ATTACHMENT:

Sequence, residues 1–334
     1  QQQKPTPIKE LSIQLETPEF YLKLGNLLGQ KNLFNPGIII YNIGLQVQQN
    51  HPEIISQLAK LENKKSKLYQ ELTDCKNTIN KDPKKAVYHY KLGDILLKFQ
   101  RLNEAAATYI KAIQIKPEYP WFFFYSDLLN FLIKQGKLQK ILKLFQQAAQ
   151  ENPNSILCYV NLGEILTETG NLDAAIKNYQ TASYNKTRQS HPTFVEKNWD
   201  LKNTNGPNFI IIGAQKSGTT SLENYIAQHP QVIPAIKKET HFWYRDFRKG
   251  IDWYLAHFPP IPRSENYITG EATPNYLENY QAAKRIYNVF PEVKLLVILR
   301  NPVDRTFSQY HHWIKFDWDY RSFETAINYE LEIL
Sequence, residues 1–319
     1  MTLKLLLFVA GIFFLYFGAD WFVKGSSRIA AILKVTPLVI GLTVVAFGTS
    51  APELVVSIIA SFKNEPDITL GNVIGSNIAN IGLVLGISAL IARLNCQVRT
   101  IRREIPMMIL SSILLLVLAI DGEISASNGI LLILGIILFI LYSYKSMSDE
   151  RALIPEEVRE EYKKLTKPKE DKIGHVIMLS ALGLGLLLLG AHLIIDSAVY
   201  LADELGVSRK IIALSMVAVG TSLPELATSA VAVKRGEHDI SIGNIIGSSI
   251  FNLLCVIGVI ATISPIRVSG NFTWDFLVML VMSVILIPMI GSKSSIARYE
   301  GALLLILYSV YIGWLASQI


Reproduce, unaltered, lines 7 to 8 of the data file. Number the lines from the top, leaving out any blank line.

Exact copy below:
   251  IDWYLAHFPP IPRSENYITG EATPNYLENY QAAKRIYNVF PEVKLLVILR
   301  NPVDRTFSQY HHWIKFDWDY RSFETAINYE LEIL